At the top of a week which saw observations as varied as All-Saints Day, Reformation Day, The Day of the Dead, and Halloween, I was thankful to hear a retelling of a seminal moment in Church history, specifically of the Protestant Reformation — excerpts of the speeches and prayers of Reformer Martin Luther. His famous, oft-quoted, closing words, that “…to act against one’s conscience is neither right nor safe…” struck me with even greater force than it previously had, as I was compelled to examine the profundity of Luther’s grasp of what constitutes SAFETY.
There he stood, at the mercy of a Council and authorities determined to incinerate not only his writings but his very person, yet he directed them to consider the danger he would be in should he violate the truths he had become convinced of, by the Scriptures, regarding God, Mankind and Christian faith.
My local fellowship’s current focus on the book of Daniel was without doubt informing my own reflections here, and I cannot help but believe that that prophetic book’s great testimony had also informed Luther’s as he answered at the Diet of Worms. He, like the young Hebrew exiles, held firmly in his grasp the reality that burning to death while tied to a stake, being thrown into a den of hungry lions or cast into a fiery furnace was rather to be chosen than the eternally self-destructive action of denying the integrity and basis of the regenerating, transformative experiences of the soul that has tasted fellowship with the true and living God.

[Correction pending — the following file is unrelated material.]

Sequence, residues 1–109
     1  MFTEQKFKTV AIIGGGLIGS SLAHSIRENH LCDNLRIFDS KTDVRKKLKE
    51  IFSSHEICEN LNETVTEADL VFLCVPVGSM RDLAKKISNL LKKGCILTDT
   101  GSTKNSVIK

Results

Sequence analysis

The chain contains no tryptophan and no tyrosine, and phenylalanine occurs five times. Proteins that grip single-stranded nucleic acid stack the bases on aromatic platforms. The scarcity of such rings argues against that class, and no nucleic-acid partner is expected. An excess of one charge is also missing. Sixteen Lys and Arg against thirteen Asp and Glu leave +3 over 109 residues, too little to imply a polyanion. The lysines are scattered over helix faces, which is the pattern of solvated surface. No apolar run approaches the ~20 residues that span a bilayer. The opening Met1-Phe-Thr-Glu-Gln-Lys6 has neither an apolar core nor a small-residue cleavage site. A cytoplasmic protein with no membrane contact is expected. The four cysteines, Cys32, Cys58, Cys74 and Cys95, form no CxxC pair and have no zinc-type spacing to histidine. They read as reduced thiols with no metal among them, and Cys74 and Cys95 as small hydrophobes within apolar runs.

And though there is a literal hell to shun, with its attendant physical tortures, heeding Luke’s counsel in chapter 12:4-5,
“And I say to you My friends, do not be afraid of those who kill the body, and after that have no more that they can do.
But I will show you whom you should fear: Fear Him who, after He has killed, has power to cast into hell; yes, I say, to you, fear Him!”,